Love, money, and old age in China..Does Parental Matchmaking Matter?

Interesting research on arranged marriages in China (paper here).

They look at choices made by parents while selecting a match:

Jin, Huang and I studied couples data from the early 1990s in China to examine how parent-matched marriages differed from self-matched marriages in terms of marriage outcomes. In parent-matched marriages, the couple were matched by the parents or relatives; in self-matched ones, by the couple themselves or by their friends. We looked at marriage harmony (as measured by the extent of domestic conflicts and their resolutions) (a proxy of love), joint couple income, wife characteristics, and the number of children.

Unable to fully enjoy the love between the couple, the parents, when becoming the matchmakers, would pick someone partly based on what they like. Since a key component of old age support is provided in-house so that parents and the daughter-in-law have to get along, a submissive daughter-in-law would thus be desirable for the parents. Whether or not they’d pick a daughter-in-law with high earning capacity depends on labor market opportunities. In urban areas, earning opportunities are more abundant, and parents have incentives to pick daughters-in-law that do well in labor markets (while at the same time they can get along and they are willing to do household chores). In rural areas, earning opportunities are scarce, and parents then pick daughters-in-law that specializes in household production, and such wives tend to be submissive and have lower schooling level.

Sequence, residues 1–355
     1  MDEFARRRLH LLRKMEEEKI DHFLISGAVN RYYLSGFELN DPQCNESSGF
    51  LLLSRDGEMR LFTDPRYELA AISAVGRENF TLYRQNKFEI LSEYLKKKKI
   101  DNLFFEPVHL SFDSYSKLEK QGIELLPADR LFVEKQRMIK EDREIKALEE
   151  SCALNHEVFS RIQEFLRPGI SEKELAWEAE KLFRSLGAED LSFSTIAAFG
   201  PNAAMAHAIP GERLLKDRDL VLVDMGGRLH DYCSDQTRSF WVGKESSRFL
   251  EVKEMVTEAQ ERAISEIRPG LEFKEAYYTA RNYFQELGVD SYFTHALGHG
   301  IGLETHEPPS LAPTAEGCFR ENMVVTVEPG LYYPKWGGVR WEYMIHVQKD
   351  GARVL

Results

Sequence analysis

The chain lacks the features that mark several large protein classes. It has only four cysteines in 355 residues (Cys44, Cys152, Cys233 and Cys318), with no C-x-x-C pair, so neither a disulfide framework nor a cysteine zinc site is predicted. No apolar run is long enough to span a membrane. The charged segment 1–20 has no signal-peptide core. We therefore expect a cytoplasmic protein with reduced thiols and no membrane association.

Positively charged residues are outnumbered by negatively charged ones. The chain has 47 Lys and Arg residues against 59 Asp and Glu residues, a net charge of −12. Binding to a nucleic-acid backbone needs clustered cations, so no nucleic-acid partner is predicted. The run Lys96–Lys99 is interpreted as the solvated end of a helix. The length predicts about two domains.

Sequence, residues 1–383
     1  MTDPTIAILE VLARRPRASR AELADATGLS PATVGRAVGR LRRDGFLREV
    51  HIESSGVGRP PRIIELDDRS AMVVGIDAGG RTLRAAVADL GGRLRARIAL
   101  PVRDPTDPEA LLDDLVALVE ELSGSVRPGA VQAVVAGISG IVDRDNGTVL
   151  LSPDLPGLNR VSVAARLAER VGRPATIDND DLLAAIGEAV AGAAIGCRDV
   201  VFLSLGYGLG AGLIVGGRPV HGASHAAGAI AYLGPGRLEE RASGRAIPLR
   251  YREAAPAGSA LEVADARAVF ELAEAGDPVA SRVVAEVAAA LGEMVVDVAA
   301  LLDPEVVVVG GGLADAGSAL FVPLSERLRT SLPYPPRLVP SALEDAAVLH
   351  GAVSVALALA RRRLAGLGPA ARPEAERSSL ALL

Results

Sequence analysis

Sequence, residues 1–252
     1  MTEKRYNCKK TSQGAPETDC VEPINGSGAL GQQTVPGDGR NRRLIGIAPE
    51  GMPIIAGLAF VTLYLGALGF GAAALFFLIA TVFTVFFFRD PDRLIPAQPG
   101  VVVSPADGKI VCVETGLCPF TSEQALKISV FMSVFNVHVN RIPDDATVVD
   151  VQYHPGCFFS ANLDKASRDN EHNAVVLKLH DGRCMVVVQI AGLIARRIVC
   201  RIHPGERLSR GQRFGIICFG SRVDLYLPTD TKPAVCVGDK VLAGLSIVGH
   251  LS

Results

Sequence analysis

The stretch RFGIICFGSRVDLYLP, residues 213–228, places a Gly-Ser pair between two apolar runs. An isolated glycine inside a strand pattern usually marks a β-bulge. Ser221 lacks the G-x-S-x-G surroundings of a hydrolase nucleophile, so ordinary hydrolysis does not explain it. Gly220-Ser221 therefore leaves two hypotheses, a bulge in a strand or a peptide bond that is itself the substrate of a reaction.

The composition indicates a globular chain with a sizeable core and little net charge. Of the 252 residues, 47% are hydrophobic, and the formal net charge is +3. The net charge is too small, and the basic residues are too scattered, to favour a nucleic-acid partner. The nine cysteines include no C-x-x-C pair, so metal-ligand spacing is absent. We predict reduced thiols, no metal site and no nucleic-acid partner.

These conjectures are borne out in our research findings. Indeed, parent-matched couples had lower marriage harmony and the wives selected by parents were more submissive in their attitudes. Submissiveness is captured by whether the wife views women’s careers as less important than men’s, whether she thinks women can have good male friends outside marriages, and whether she believes that wives can reject husbands’ sex requests. Moreover, sons in parent-matched marriages had stronger belief for providing old age support, consistent with the notion that parents in need of old age support tend to manipulate children’s preference to cultivate altruism towards parents.

So what is the best way?

To preserve love in a marriage, good social support for the elderly should be facilitated so that parents would not focus on manipulating children’s preferences and picking submissive daughters-in-law; then love can truly prevail.

How relevant are the paper’s findings for China now or for other countries? Parent matchmaking is still prevalent in China, as illustrated in the recent photo taken by Bert Hoffman in a Chinese park, in which Chinese parents were busy doing their jobs as matchmakers—the papers on the umbrella cover personal profiles of their children. And parent matchmaking is also widespread in India and many other countries. The findings here could have implications in these countries.


Too easy to say. Marriage is a really complex society arrangement and it can go either way. One sees many marriages breaking even if it all started with love. There was love before marriage and nothing thereafter.


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